EV Journal header
"For we have this treasure in earthen vessels, so that the surpassing greatness of the power will be of God and not of ourselves."

Tapping into what?

Sounding a Warning...

by Kent Philpott

The title is intriguing: “Discover your inner superhero at Marin conference.” The June 8, 2010 Marin Independent Journal article featured the presentation of speaker Jeff Kripal, a professor of religion at Rice University, at an annual conference to be held at a local Episcopal church. The theme of the conference, “The Intention of the Universe: Our Evolutionary Destiny,” echoes well the audience’s worldview.

Jeff Kripal has every good intention—encouraging people to step outside their inhibitions and restraints and tap into power within themselves. It sounds good, even appealing and exciting. Power—humans are anxious to have more power and control.

What follows now is one person’s opinion, and I am no skeptic—there is indeed a latent supernatural power.

There is a powerful realm beyond the material; it is the supernatural. But not all supernatural spiritual power is godly.Those who are acquainted with various spiritualities know there is such power, and acquiring it is the moving force behind ancient and modern occult practices. Humans have in all ages longed for and sought after this power, sought to be superheroes, both of the good and of the evil. The extreme expressions of this seeking and obtaining power is the dynamic behind so much of what is wrong with our world—the dictators, the tyrants in whatever guise who demand ultimate obedience — historically the destroyers of life and culture.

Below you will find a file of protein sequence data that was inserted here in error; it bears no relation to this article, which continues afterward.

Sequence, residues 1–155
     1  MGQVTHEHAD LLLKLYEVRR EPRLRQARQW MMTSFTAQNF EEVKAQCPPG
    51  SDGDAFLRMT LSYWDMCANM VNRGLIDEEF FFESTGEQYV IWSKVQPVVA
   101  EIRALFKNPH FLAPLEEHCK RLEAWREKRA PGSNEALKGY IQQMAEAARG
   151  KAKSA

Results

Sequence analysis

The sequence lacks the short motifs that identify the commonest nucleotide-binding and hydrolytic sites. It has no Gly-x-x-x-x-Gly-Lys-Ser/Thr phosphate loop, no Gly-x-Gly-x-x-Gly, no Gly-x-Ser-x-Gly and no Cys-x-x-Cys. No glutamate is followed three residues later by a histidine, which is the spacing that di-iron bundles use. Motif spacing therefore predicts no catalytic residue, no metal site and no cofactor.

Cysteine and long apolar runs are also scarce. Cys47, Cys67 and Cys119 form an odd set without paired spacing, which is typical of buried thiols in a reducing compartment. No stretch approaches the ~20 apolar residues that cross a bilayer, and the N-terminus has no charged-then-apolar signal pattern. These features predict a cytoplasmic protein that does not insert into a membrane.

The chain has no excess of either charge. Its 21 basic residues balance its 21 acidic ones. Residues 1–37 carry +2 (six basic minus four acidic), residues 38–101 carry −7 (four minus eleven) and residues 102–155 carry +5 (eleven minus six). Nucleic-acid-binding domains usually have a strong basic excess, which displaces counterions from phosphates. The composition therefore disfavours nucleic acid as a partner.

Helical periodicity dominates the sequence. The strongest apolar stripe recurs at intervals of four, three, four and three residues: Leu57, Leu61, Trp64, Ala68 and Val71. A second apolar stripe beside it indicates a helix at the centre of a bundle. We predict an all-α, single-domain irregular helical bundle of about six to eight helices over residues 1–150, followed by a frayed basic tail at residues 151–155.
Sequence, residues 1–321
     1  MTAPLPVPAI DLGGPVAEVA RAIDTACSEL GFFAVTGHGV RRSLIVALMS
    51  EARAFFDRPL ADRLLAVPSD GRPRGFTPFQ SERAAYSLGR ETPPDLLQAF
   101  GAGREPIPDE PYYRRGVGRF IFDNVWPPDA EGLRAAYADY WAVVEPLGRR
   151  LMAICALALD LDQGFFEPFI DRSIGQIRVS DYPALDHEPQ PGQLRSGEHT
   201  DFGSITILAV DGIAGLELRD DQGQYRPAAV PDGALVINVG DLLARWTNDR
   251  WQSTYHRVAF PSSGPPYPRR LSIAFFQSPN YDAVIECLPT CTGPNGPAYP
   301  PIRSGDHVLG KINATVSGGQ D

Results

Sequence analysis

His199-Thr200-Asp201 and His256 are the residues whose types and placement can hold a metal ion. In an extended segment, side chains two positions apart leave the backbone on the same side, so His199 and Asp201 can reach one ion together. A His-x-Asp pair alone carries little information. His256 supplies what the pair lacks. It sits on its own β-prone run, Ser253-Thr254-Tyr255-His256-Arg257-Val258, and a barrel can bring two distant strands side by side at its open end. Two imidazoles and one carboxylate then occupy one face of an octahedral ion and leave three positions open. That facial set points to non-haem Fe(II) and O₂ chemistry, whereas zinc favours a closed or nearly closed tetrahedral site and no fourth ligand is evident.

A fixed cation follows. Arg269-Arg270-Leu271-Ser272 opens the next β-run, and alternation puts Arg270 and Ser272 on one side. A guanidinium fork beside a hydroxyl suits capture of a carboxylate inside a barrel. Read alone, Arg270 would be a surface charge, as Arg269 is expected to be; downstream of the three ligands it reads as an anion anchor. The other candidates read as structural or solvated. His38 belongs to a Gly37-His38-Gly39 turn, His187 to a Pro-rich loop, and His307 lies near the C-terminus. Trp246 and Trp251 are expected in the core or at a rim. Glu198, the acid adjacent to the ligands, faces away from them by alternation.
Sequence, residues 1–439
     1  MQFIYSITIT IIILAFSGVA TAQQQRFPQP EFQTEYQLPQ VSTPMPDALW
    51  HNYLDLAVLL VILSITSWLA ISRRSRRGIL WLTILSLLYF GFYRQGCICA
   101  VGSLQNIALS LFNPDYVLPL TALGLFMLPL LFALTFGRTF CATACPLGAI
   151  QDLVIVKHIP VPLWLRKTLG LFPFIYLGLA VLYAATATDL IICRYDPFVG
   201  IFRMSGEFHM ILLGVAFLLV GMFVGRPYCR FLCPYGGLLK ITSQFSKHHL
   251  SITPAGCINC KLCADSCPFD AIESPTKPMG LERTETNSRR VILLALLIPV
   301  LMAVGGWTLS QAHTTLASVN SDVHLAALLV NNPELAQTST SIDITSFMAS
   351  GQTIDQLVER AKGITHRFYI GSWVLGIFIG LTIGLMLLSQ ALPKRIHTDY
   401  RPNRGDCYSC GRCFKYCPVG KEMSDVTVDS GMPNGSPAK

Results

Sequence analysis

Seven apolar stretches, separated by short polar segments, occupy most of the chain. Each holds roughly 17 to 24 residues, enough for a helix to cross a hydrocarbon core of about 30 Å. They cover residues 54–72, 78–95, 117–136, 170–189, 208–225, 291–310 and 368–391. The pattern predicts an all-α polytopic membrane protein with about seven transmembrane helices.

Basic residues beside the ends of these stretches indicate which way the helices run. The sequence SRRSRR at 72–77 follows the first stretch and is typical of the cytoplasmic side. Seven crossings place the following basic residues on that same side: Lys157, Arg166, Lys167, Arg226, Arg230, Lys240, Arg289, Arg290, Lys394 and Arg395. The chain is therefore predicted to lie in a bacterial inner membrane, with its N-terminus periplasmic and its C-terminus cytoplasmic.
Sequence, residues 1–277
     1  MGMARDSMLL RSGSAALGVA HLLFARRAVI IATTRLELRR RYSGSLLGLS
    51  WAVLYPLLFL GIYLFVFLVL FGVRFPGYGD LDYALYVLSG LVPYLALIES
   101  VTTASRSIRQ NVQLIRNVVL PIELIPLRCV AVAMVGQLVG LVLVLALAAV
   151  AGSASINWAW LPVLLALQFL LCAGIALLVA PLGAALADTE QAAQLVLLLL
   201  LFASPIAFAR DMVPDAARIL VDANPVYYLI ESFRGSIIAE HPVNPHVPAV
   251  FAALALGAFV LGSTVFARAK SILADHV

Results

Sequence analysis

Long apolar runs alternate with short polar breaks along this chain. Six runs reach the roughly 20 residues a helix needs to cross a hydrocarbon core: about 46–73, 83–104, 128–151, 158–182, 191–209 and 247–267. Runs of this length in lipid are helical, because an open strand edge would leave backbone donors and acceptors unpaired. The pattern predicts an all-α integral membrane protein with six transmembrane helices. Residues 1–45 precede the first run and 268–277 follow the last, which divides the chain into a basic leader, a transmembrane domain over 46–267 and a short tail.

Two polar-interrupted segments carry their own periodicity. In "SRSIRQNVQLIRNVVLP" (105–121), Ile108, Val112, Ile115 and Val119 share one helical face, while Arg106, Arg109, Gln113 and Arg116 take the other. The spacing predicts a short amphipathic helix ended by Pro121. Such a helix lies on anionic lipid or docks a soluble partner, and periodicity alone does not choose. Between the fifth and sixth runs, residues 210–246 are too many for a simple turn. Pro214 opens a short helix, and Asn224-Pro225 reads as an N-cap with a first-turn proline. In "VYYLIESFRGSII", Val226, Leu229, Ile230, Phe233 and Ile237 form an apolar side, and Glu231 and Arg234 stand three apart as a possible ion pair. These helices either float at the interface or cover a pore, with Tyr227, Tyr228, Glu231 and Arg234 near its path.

There is, in fact, a counterfeit spiritual power that is of a demonic nature, and the superhero of demonic power is Satan.

Biblical prohibitions of occult practices

The dark side, also known as the demonic realm, has long worked through particular mechanisms. The most complete list of these is found in the Torah, in one of the books of Moses—Deuteronomy 18:8-14. When the people of Israel came into the land promised to them by God it was necessary to warn them not to engage in the “abominable practices” of the people who were living there. Without this warning, the Israelites would likely have been pulled into the pagan rites and beliefs of their neighbors. Therefore, God said they were not to copy anyone “who practices divination or tells fortunes or interprets omens, or a sorcerer or a charmer or a medium or a necromancer or one who inquires of the dead, for whoever does these things is an abomination to the Lord.”  

In the ancient Greek city of Philippi once lived a slave girl who was able to divine the future. She earned for her masters large sums of money with this supernatural power. One day a follower of Jesus named Paul, who had considerable rabbinic instruction behind him, had an encounter with this fortune teller. Paul said to her, “I command you in the name of Jesus Christ to come out of her.” Paul was speaking to the evil spirit that had possessed the girl and had empowered her to be able to tell fortunes. Once the demonic spirit was gone she was no longer able to perform her occult art. To some the psychic ability to foretell the future might have seemed like a wonderful supernatural gift, but it was not that at all—rather it was satanic. (The whole story is in the New Testament book of Acts, chapter 16 verses 16-24.)

Tapping into latent power in ourselves so that we might get in touch with what might be futuristic is of a psychic nature and thus fits into what we find in the passages from Deuteronomy and Acts cited above.

Encouraging the psychic or paranormal?

The context for Mr. Kripal’s ideas is to ignite and encourage the creative juices that he suggests are evidenced in the futuristic writings of people like Jules Verne. He is interested in moving people toward that which is psychic or paranormal. Yes, we all have instances and experiences that seem beyond the normal, those déjà vu events common to humans.

The purpose of this essay is to sound a call for critical thinking. There may be more here than meets the eye. Unhappily, an obsessive hunger for supernatural power will not be of benefit in the long run. It may instead prove to be overwhelming, compulsive, disappointing, besides being spiritually and emotionally dangerous. 

Bookmark and Share

Last Update: 2013-08-12 16:41